NHS Agency Spend – How to Address the Agency Staff “Cap”

We are pleased to have a guest post from Jon Miton, Business Development Director of Comensura.

In his recent spending review George Osborne has asked government to ‘take a step back and think about the shape of the state’ and produce proposals outlining how 25% or 40% budget cuts could be achieved.

His approach to the NHS looks to be somewhat more prescriptive if last week’s announcement on agency staff are anything to go by; annual spend limits for some, monthly reporting on agency expenditure and further measures in the Monitor and NHS Trust Development Agency (TDA) pipeline to follow.

A couple of questions though; are the various framework agreements that provide the tools through which NHS Trusts buy agency staff fit for purpose, and how can NHS Trusts control their expenditure better?

To address the first question, just last month, my business Comensura was awarded a place on a framework that enables NHS Trusts to engage with a single provider to manage all agency staff requirements - doctors, other health professionals, nurses, back office administration and so on. This is the first framework I have seen for the NHS that has adopted this approach and is undoubtedly a step in the right direction, albeit that with 60+ suppliers on the list, the onus is still too heavily placed on the Trust to decide on the right sourcing model to adopt. These concerns aside, we welcome the change in direction, and expect other buying organisations to follow suit to accommodate the changing needs of Trusts.

On the second point, we believe that NHS Trusts can control their agency staff expenditure by doing the following:

1.  Get visibility and control: in agency staff areas of shortage and across different job families it is inevitable that NHS Trusts will need a deep list of recruitment suppliers to meet needs, but multi-supplier lists are difficult to manage without a centralised management mechanism. To get visibility and control, Trusts either need to create an internal function to manage suppliers, or appoint a managed service provider (MSP) to perform this this essential function on behalf of an NHS Trust. We also believe that there should be a clear distinction in roles to avoid conflicts of interest; the MSP is there to manage recruitment suppliers, not provide temporary staff themselves. This approach is widely embraced across local government and the private sector.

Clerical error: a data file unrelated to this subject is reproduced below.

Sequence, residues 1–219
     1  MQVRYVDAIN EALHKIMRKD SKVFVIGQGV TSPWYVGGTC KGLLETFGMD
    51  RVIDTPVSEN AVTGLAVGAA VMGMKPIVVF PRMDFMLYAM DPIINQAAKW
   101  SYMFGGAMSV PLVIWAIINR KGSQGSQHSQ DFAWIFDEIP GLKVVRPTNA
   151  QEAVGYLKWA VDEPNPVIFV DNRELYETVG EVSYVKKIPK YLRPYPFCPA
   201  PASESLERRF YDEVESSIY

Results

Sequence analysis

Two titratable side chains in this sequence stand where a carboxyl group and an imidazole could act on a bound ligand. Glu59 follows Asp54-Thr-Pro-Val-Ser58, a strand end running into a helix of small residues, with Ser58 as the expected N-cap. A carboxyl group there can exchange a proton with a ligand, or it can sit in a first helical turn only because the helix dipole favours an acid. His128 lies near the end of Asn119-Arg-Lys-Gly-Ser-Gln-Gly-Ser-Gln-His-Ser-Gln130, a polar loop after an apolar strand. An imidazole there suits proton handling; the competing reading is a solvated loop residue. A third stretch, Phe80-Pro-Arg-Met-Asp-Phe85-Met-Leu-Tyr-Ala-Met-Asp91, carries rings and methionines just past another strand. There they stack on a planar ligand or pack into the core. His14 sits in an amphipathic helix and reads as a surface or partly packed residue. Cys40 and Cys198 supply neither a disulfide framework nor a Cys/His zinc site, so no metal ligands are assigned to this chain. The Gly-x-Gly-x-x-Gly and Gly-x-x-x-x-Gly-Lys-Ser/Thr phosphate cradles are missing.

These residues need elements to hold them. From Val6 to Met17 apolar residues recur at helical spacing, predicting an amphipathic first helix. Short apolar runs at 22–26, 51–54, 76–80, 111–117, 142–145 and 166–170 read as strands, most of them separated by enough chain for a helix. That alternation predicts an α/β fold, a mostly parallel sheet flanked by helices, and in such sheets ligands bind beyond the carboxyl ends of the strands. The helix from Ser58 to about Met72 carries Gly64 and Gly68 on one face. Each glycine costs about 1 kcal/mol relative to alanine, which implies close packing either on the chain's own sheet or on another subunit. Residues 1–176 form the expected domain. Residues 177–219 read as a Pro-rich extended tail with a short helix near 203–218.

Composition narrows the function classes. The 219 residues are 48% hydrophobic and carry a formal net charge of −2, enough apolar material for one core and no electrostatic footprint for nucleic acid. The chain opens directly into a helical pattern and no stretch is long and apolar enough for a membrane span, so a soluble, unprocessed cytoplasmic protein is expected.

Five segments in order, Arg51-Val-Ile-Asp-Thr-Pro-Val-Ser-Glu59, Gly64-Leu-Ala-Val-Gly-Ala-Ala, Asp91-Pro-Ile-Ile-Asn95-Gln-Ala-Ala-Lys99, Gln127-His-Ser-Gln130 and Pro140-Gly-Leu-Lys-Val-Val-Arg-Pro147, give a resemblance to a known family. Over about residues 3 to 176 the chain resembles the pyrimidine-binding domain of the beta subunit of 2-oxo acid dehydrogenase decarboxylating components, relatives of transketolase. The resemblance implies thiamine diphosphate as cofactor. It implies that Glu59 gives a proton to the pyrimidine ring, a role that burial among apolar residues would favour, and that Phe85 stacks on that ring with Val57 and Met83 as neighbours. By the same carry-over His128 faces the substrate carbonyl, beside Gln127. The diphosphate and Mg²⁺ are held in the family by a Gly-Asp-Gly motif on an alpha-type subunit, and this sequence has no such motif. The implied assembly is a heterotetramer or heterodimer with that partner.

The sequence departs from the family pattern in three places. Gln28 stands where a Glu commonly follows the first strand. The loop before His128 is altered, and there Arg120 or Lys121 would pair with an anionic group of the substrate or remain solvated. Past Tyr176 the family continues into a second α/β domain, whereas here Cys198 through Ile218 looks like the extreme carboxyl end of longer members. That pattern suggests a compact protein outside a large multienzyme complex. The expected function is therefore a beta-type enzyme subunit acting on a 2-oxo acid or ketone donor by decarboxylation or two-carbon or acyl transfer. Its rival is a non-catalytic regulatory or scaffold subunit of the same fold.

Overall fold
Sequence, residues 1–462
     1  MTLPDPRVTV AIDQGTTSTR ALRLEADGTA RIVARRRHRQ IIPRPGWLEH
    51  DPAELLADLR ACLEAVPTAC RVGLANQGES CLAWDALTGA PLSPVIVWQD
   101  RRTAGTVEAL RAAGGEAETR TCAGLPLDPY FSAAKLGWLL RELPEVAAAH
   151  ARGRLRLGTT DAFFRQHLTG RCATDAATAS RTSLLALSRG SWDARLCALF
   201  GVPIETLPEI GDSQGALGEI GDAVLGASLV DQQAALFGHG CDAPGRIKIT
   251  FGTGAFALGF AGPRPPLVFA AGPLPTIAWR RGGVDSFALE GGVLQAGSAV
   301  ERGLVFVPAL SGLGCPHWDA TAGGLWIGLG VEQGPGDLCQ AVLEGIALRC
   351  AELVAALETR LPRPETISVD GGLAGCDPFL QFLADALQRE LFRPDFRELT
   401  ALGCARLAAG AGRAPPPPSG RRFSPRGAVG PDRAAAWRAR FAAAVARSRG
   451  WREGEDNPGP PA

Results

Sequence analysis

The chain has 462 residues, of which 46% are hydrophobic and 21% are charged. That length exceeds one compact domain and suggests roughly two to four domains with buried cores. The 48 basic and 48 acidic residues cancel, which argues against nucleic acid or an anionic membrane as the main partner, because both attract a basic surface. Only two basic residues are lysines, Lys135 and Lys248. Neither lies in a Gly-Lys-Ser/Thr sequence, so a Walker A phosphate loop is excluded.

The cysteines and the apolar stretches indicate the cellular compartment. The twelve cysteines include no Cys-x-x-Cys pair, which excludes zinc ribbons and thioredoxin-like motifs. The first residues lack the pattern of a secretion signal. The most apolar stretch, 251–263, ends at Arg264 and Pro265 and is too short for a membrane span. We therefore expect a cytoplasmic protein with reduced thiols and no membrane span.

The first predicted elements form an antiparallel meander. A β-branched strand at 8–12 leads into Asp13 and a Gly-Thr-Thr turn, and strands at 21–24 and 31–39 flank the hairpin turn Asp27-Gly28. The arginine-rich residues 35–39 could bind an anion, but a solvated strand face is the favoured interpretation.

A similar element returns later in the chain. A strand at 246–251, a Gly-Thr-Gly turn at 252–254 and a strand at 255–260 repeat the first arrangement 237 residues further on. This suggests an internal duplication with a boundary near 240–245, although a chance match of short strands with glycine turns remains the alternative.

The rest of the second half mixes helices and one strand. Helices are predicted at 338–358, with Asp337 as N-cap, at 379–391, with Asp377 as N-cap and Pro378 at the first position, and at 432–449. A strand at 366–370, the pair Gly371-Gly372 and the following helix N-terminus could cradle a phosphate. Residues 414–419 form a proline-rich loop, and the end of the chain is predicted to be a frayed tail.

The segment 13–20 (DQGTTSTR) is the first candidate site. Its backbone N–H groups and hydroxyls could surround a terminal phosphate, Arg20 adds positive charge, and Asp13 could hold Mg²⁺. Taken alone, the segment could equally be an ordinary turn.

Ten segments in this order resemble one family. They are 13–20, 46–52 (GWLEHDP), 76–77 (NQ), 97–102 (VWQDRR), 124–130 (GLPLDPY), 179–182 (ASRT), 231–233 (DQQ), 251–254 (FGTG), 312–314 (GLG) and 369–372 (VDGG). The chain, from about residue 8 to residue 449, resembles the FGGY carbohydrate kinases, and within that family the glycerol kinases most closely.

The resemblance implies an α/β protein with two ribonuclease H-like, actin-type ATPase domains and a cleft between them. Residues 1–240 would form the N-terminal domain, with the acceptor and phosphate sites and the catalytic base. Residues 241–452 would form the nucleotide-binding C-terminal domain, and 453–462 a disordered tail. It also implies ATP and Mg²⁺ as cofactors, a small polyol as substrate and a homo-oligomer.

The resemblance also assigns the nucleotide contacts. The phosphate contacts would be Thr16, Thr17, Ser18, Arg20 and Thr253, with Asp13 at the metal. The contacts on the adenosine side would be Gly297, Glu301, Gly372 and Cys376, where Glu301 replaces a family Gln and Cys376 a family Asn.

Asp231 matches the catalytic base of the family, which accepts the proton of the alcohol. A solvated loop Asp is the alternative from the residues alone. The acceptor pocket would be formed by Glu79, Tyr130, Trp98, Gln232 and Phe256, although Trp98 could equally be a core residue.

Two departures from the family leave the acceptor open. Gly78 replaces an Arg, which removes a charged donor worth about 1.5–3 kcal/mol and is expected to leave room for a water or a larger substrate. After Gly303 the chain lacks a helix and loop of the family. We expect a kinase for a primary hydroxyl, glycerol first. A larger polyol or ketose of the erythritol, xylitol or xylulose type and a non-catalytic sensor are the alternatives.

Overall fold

2.  Get big data, use big data: Whichever approach to getting visibility and control is used, it must be able to provide management information at the touch of a button. This not only provides the monthly reporting figures but also the real-time opportunity for the NHS Trust to interrogate buying behaviour and usage patterns. Whilst all NHS Trusts will know what they spend at a high macro level, having micro level spend data down to hiring manager, length of assignment, reason for hire and trend data can stimulate real change in buying activity.

3.  Stop fixating on margin: Margin reduction can deliver 20% savings but is less likely where demand for agency staff outstrips supply. In our experience, a focus on removing expenditure altogether through demand management and workforce planning can deliver upwards of 60% savings. This is where NHS Trusts should focus in order to meet Osborne’s challenge. To achieve this, it has to be a partnership with shared responsibility. Margin efficiency should be addressed at the outset and open and honest discussions must take place in order to find innovative ways of delivering further savings through demand. This approach can been very successful in reducing overall usage, in some cases by up to 60% without compromising service delivery.